- Buyer's Guide
In a work environment, it’s natural for employees to strive for attention. While they seek positive attention first – such as acknowledgment, praise, admiration and love – they also strive for negative attention as well – such as criticism, mockery and contradiction. Of course people prefer positive attention, but if they don’t get it, most still prefer negative attention to none at all.
Acknowledgment for Announcements
Typically, people look for this praise by making personal or professional announcements to others; their co-workers or even their managers. When they announce their goals or their achievements, they are seeking acknowledgment for those intentions.
Here’s an example: While standing in a social gathering, a colleague announces: “My goal is to climb up the job ladder. I’ll work harder than ever before, and I will move into an upper management role.” Some of his co-workers will naturally pat him on the back and say, “I think that’s a great idea; you are so ambitious!” In this scenario, the person is receiving praise for his intentions, but not his actions. This form of verbal acknowledgment is very flattering; he received attention and thus positive recognition for his announcement.
Here’s another example: In a typical sales meeting, the sales manager wants to know how many leads are likely to convert over the next quarter. The employees will naturally overestimate their conversion rates because the higher they shoot for, the more recognition they receive from their manager. Acknowledgment is given for the announcements, and as a result, the manager has a certain expectation from each employee. If those expectations aren’t met, there is disappointment and possibly serious consequences.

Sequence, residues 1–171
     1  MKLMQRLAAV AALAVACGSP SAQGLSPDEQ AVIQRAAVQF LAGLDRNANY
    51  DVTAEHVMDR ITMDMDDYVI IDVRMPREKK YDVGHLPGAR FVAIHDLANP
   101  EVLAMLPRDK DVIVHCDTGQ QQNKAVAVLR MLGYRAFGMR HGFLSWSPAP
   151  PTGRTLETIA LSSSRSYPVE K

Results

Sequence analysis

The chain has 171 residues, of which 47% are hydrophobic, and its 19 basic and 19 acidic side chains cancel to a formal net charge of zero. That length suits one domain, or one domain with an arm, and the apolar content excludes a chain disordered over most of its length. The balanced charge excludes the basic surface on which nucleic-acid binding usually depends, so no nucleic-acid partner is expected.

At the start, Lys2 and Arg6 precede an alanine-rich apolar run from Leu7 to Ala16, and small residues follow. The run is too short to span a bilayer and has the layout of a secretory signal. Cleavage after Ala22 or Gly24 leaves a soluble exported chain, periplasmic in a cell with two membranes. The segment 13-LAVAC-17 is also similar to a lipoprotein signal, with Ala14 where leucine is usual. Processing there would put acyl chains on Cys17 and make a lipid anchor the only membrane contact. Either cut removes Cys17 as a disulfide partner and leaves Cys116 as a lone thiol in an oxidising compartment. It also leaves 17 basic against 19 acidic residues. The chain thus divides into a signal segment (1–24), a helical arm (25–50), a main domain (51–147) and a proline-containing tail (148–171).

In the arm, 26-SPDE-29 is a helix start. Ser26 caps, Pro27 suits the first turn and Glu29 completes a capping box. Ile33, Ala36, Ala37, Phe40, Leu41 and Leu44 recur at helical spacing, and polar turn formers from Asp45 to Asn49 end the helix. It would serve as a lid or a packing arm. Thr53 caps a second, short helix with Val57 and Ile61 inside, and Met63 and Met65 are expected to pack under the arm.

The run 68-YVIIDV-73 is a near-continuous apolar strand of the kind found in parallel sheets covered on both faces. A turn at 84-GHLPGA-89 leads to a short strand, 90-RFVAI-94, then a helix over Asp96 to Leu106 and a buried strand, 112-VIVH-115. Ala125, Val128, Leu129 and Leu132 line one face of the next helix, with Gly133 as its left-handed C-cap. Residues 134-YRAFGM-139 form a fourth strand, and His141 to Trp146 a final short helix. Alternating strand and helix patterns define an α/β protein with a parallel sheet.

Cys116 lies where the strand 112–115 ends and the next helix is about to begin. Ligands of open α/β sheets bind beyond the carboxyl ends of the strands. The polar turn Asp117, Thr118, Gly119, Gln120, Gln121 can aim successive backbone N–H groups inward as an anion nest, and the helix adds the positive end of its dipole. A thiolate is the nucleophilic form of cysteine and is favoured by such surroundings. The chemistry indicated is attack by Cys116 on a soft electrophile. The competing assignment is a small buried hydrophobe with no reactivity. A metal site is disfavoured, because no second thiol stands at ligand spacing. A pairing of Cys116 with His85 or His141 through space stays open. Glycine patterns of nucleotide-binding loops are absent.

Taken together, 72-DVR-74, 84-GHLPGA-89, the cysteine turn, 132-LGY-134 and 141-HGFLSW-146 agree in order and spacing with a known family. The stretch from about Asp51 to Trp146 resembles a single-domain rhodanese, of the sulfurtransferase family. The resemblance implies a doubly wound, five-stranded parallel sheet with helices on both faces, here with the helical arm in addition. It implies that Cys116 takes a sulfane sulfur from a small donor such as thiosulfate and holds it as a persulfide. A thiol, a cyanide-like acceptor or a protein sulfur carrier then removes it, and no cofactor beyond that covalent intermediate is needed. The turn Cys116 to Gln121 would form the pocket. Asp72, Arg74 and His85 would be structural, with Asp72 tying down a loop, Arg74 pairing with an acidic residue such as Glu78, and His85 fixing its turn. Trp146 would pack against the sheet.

Ultimately, employees desire the positive recognition they get through their announcements. Once they receive the recognition they desire, often times there is a lack of follow through. After all, why would someone work toward his announcement if he has already received the positive praise and attention he was seeking?
Attention for Excuses
As soon as the announced goals aren’t achieved, management will look for an explanation. Excuses are the common solution, and some people will be successful with this behavior. Most excuses will lead to even more announcements, which will result in attention, praise and acknowledgement.
For example, if someone complains she couldn’t complete her project because she is severely stressed, her managers and co-workers may feel sorry her, offering her advice to help get her life under control. Now, the “victim,” or the person who should be accepting the consequences of failure, is receiving attention for making excuses. If a person sees herself as a victim, she washes her hands of all responsibility, blames others and sees herself as entirely innocent.
The problem, again, is that if most people strive for acknowledgment and attention and receive both through their announcements and their excuses, why should they work for anything more?
If you’re ready to focus more on “doing” and less on “announcing,” here are a few simple rules to live by: